Congress enacted the U.S. Foreign Corrupt Practices Act (the “FCPA”) in 1977 in response to revelations of bribery of foreign officials by U.S. companies.1 The FCPA which has as its purpose to promote transparency in international transactions, especially between businesses and government, has historically led to significant penalties for both companies and increasingly, individual corporate representatives.
Under the FCPA, firms who are operating in the U.S. face charges in the U.S. for any laws their subsidiaries violate in a foreign country. In addition, the FCPA makes the organization liable even for the actions committed by its third-party agents. The FCPA is one of the most emphasized enforcement areas for both the DOJ and SEC and can be very challenging for companies to defend.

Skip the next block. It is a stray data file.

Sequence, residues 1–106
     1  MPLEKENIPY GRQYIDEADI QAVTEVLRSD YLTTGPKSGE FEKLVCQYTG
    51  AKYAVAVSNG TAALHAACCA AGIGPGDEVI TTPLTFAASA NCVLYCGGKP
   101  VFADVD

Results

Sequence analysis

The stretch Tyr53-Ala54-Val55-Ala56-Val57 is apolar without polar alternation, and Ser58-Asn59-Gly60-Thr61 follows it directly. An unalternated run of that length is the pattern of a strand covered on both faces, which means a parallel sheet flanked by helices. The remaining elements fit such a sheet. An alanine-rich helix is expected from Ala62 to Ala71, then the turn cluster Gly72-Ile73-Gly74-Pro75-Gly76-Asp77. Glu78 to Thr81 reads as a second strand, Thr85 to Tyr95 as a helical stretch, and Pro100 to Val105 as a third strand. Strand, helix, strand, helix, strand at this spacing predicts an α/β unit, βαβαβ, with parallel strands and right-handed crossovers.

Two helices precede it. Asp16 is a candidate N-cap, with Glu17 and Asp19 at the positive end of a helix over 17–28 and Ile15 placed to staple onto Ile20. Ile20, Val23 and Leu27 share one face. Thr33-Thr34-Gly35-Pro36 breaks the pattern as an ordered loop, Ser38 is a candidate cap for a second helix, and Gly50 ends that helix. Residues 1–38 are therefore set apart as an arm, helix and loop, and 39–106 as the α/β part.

The FCPA contains both anti-bribery and accounting provisions. The anti-bribery provisions prohibit corrupt payments to foreign officials, parties, or candidates to assist in obtaining or retaining business or securing any improper advantage. The accounting provisions require companies to make and keep accurate books and records and to devise and maintain an adequate system of internal accounting controls. The accounting provisions also prohibit individuals and businesses from knowingly falsifying books and records or knowingly circumventing or failing to implement a system of internal controls.
The DOJ ...